Web developers need to take charge of their projects – lead and advise the client.

notwhatiordered

Illustration by Bhakti Chande

We all have stories about how a client drove a project off a cliff by their lack of cooperation or funny ideas about how things should be. The web design world is full of half done projects and dissatisfied clients and irritated web developers. The fault usually lies equally with the web developer and the client. But being a web developer myself I would lean towards advising the vendor rather than the client. The client might not change but we can.

Who is in charge anyways? Stamping your authority on the project.

I recently heard this great story about the interaction between ace designer Paul Rand and Steve Jobs. The following is the essence of what Paul told Steve Jobs when the latter asked for options.

“I asked him if he would come up with a few options, and he said, ‘No, I will solve your problem for you and you will pay me. You don’t have to use the solution. If you want options go talk to other people.”

Steve Jobs paid a lot of money to Rand for one, just one, logo. There was no question about who was in charge. (For more about this do visit this link).

Of course I am not asking anyone to act like a prize ass in front of their clients but you do need to project authority and make it clear from the beginning who’s in charge.  Make it known from the start that micro-management will not do.

Believe in yourself and believe in your work. That’s the only way the client will believe too.

I have met many wonderful web designers with amazing work who have shocking lack of confidence.  Although their work should speak for them, they rarely speak for themselves. A lack of confidence combined with poor social skills tends to create a shy and subdued person. The more sharper clients tend to take advantage of such persons making them do incredibly stupid things.

I have witnessed in person, weird stuff, like a client selecting colors from a Nerolac shade card while the designer sat with her mouth open in stunned silence. The client who had absolutely no experience in design or creative endeavours dictating colours to a graduate of one of the best art colleges in the country! Happens more than you would like. And its mostly the designer’s fault for allowing such nonsense.

Never tolerate bad behaviour, bullying or any kind of abuse.

I have been very lucky in having amazing, polite and caring clients. And those who aren’t, don’t remain my clients for long. Sounds arrogant but what’s the alternative? Become door mats?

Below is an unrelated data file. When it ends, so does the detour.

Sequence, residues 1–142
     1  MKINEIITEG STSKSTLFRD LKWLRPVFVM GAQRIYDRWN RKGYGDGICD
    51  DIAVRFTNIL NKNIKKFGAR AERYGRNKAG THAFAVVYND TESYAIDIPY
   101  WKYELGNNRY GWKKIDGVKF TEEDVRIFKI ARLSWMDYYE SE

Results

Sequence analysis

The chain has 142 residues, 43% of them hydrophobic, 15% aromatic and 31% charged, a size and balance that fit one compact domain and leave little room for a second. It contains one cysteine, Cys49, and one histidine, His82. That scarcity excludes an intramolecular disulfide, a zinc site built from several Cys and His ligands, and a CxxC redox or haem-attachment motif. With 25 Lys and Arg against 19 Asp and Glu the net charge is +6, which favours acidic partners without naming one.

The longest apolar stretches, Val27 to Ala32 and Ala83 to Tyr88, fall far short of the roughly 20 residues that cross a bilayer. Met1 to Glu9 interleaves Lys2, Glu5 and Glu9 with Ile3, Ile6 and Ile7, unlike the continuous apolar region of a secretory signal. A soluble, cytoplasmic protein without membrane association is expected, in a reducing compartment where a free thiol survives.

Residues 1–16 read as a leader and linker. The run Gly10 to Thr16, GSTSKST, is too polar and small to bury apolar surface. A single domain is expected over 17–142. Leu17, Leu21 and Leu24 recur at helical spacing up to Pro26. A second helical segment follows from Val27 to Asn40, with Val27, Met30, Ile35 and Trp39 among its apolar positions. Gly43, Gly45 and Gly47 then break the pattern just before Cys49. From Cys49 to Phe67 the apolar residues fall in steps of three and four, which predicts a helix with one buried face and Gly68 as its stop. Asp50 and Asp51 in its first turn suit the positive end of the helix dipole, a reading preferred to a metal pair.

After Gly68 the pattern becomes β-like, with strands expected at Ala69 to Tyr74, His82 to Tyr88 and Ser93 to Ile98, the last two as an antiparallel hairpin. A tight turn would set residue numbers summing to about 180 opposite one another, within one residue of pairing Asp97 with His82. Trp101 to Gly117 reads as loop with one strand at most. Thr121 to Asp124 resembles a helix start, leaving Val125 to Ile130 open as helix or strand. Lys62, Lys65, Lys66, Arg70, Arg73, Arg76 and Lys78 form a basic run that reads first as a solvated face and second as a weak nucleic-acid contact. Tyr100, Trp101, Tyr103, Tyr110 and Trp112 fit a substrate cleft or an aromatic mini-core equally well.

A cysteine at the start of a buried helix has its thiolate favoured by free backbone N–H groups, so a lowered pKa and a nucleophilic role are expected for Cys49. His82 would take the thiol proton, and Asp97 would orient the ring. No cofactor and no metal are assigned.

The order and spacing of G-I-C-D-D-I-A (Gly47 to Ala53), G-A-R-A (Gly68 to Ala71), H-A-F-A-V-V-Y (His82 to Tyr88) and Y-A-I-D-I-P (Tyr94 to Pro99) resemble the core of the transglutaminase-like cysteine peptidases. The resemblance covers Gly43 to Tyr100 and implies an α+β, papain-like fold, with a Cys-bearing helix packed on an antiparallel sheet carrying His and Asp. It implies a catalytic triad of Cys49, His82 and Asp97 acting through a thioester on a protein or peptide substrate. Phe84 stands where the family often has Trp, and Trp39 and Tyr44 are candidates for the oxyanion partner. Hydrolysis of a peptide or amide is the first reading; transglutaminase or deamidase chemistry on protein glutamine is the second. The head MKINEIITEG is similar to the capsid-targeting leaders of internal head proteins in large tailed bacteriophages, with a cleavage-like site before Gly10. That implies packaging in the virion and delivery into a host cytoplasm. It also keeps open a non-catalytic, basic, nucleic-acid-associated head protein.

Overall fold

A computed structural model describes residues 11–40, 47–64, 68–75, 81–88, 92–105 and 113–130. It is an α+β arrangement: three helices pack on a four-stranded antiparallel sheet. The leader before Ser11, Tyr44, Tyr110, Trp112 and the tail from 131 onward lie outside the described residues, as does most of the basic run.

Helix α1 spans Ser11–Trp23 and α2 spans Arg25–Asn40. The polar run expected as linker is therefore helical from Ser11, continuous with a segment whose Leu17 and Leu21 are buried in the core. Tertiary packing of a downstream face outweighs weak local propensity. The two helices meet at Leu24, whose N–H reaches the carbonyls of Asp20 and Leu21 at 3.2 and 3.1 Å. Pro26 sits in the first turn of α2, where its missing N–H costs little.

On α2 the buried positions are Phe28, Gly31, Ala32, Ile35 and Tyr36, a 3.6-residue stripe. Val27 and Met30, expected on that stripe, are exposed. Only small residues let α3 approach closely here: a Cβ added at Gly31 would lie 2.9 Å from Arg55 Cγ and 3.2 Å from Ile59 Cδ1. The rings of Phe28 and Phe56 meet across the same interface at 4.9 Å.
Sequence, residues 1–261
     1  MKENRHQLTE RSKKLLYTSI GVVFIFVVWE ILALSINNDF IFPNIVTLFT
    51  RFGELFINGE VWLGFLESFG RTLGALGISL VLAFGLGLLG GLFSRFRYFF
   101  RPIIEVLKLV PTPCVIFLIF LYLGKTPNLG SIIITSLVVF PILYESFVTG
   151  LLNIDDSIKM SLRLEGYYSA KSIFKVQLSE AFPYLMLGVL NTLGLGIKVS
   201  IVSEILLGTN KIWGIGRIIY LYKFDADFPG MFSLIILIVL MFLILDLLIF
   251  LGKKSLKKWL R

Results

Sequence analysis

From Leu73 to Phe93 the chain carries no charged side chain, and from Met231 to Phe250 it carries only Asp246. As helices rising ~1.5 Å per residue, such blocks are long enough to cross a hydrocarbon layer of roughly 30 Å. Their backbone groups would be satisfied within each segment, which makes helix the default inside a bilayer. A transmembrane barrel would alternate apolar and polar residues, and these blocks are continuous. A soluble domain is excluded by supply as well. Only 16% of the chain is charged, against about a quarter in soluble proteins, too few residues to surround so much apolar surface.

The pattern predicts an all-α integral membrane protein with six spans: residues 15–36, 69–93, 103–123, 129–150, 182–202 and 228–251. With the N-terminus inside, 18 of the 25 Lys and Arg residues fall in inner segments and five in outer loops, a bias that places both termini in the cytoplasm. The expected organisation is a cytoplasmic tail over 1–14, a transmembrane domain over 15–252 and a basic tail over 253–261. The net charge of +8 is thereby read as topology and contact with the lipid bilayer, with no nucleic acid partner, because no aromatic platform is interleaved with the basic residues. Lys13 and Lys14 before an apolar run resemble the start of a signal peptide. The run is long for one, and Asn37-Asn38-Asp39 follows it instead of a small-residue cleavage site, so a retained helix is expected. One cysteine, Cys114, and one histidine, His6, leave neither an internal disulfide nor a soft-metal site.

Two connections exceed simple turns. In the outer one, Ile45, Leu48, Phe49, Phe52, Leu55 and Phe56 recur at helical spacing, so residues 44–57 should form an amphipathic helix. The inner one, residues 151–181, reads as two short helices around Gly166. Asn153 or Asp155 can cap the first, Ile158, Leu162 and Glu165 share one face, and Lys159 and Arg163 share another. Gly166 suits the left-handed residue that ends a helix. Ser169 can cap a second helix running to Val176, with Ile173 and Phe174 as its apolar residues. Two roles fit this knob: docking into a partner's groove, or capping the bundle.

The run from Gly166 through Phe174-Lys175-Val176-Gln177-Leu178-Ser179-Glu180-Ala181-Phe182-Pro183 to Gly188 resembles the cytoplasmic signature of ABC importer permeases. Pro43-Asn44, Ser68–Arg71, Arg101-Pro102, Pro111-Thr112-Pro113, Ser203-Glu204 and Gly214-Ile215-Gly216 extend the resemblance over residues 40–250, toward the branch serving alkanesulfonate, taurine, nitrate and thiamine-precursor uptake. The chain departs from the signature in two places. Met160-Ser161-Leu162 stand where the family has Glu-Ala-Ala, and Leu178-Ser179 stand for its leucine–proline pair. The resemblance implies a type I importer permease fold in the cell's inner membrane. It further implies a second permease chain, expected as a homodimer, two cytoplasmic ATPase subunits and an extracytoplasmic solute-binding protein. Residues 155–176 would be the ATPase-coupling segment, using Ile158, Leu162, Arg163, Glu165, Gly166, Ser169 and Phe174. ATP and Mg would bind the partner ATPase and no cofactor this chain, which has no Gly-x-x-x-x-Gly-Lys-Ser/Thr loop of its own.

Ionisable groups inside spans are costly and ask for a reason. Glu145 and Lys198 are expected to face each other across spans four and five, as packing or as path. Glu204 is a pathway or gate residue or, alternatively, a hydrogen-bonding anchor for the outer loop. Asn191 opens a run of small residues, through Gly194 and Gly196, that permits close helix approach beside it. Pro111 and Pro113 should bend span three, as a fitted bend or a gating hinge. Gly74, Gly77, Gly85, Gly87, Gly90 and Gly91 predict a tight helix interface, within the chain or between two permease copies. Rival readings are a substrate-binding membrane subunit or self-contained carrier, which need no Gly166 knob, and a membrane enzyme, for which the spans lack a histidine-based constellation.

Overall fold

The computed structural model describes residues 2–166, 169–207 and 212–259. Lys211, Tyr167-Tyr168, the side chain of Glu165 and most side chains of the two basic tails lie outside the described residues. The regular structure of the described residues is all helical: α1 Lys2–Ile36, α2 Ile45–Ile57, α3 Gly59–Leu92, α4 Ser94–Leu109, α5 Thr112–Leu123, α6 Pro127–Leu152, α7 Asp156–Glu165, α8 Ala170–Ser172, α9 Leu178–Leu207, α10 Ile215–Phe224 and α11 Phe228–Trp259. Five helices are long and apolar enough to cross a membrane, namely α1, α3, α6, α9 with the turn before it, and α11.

Abusive relationships are not restricted to families and employees only, it can also extend to vendors. Very subtle abuse such as keeping the designer waiting for meetings, not replying promptly to their requests and summarily rejecting work without giving good reasons should never be tolerated. If you are in an abusive relationship with the client – get out, whatever the cost.

On the flip side, clients who respect and support you and your work, should be pampered and given 200% of your effort. They are definitely worth it.

Communicate, communicate, communicate. Then, communicate some more.

Communication is one of the most important and most neglected part of a web designers skill set. Prompt and clear communications can prevent a huge majority of problems that crop up in any project. Misunderstandings occur due to poor communications.

What kind of communication am I talking about?

  • Project status reports
  • Material received or required requests
  • Honest responses to client feedback.
  • Explanation of choices or actions taken.
  • Polite and relationship building communications like wishing on special occasions.
  • Updating clients with relevant industry news and updates.

Can you over communicate? Yes, but most times we fall on the other side of the communication gap – too little.

Create a delivery plan and stick to it. Clients appreciate someone who knows what they are doing.

Clients will not interfere (that much) if they know you have a plan and are following it through. Outline the plan at the beggining and follow it throughout the project. As you reach each milestone share them with the clients (even internal ones). Clients will not get restless if they know everything is on track and in control.

Educating the client during each step of the process is also important. Don’t get too technical or detailed but convey enough to reassure the client. This is of course an off shoot of my earlier point about communication.

Ideally when client’s describe the project in hindsight they should say something like, ‘These guys took care of everything. We really never had to worry about anything. They knew what they were doing.’ 

You get the idea.

Delivering what you promised is the best way to win trust and improve your credibility.

We can talk all we want about communication and taking charge but if you don’t deliver what you promised then nothing can save you. Nothing impacts your stature like broken promises and under delivery of work.

There is a saying, ‘If you keep your word for long enough, it becomes the law.’

This is a profound thought which I would like to leave you with.

Cheers,
Ron

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